leaving his last job. The NWA is fortunate, too, to have such an honest dedicated
experienced humble man -- few and far between.
Another thing I missed was the Netherland's report and pictures. We here in
the USA are fascinated by anything from another country, like Bolivia, etc.,
and even a short paragraph is always a special feature. I looked back for it,
but they must not have sent one this week.
What a lot of work to put that together so neatly and artistically, every single week. I want to say it is very much enjoyed and appreciated, and even though I'm just a "guest" of the family Bulletin, it is extremely interesting to me having known so many of the folks the stories and pictures are about. Thanks for clicking on Roy and Betty ------------------
Editors' Note: We aren't buying this "just a 'guest'" claim, Betty. You're a full contributor -- and a much appreciated member of the "cheerleading" squad that keeps the rest of the staff going for it!
I know I won't be the first to guess because I just read The Bulletin this morning at work. Brandon and Brianna came down with fevers this weekend, so I didn't get a chance to even turn on the computer.
Got a good chuckle from the Foto Funnies this week.
I appreciate all the work that goes into The Bulletin. You all do a superb job!
Howard Lake, MN
What a fun Bulletin this week! I have a soft spot for animals and all the photos were outstanding, and so appropriate for the Mother's Day edition.
Every week I look forward to The Bulletin and today played hookey from helping plant the garden when it came. Sheldon will forgive me though; he always reads it, too!
I appreciate all the work of the editors to make it interesting. Isn't diversity a wonderful thing? People from so many families, generations, states and continents are getting acquainted through the pages of The Bulletin.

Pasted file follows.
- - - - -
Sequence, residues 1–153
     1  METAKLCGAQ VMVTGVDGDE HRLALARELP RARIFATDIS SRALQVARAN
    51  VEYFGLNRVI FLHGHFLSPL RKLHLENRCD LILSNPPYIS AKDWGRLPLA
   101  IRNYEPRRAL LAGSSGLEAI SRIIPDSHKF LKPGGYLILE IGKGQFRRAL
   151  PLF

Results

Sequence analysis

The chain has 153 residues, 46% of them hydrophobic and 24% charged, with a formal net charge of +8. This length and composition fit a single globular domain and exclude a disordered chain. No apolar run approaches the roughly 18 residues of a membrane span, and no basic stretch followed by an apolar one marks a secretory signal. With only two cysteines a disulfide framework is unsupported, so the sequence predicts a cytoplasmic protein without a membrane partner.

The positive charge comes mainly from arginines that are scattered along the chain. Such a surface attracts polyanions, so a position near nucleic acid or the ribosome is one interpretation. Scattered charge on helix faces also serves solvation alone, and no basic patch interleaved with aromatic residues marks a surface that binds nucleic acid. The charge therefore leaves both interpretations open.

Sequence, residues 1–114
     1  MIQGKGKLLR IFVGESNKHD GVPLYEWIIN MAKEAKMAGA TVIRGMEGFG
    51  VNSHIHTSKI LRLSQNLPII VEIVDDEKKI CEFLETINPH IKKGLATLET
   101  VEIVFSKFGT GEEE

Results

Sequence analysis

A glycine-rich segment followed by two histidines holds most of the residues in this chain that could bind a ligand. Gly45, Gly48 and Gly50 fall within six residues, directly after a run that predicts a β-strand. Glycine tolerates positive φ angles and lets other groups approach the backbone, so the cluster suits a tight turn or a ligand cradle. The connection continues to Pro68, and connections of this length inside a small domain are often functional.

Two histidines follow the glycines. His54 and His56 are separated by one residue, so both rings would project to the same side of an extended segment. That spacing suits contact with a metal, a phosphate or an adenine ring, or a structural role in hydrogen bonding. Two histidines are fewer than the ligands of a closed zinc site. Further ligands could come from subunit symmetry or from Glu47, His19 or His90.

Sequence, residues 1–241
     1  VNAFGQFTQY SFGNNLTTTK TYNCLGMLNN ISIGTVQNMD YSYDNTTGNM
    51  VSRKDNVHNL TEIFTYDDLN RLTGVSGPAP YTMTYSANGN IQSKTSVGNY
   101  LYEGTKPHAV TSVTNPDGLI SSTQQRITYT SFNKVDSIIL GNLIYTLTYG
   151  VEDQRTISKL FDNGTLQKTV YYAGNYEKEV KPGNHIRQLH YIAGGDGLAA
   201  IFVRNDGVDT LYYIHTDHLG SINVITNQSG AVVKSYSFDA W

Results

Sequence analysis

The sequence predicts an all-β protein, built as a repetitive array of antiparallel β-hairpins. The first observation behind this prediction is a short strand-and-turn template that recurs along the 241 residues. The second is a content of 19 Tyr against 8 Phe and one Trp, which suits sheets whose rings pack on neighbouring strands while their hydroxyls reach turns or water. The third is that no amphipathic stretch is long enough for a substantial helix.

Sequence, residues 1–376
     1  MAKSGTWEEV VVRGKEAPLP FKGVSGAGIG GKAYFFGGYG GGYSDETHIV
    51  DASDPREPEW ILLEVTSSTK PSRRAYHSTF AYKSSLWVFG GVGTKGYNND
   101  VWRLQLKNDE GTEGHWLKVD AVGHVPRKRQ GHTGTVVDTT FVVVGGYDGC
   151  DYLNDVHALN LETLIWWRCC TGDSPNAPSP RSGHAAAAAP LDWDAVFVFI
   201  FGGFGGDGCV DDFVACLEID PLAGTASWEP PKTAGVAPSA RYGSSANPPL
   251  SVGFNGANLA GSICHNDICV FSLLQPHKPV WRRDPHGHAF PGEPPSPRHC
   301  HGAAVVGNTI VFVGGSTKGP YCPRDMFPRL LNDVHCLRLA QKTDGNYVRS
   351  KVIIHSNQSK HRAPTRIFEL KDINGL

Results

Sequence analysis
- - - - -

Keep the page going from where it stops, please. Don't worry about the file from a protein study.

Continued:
Keep up the great work!
Sheldon & Mitzi Swenson
Just a short message to you... I am busy painting in my house again; this time I started the room where my computer is. After that the living room and one wall in the kitchen. You see busy again and not much time for the computer. All is fine here and I feel OK. Still not very warm and also coming days will be cool.
Greetings from the Netherlands,
Ary Ommert, Jr.
This morning I finally got around to reading the latest edition, and
it was quite a read. Your story about lessons can be summed up in one
word: Yeee-ouch! I guess the painful lessons tend to take better than
the not-so-painful ones.
I enjoyed hearing from Ginny; she writes a breezy and entertaining letter! Larry's pictures are always very engaging; he sure has an eye for composition.
All in all, it was an engrossing read, a fine way to spend my morning
"down time." Thanks for providing such a vital service!
St. Cloud, MN
To search a name in Who's Who or Who's Where: click on the link to open the page, then use CONTROL F on a PC or COMMAND F on a Mac. To search for a second occurrence of the name, use CONTROL G on a PC or COMMAND G on a Mac. (This works on ANY web page with text, unless the text is converted to an image. Chances are, it works in your e-mail, too.) HINT: Search by first name only, as most entries list the family name once but do not repeat the last name for each family member. In Who's Where you can search on state or city names, too.
QUOTATION FOR THE DAY: I'll study and get ready and be prepared for my opportunity when it comes. --Abraham Lincoln
EDITOR'S POLICY: If you wish to subscribe to The Bulletin, simply send me a statement of that fact. If you wish to keep receiving it I hope you will contribute to one of the columns that are running in this family epistle (at least occasionally!). My e-mail address is email@example.com
This Bulletin is copyright Dorothy M. Anderson; the contents are also copyrighted by the authors and photographers and used with their permission, and the contents are not to be used for any commercial purposes without the explicit consent of the creators.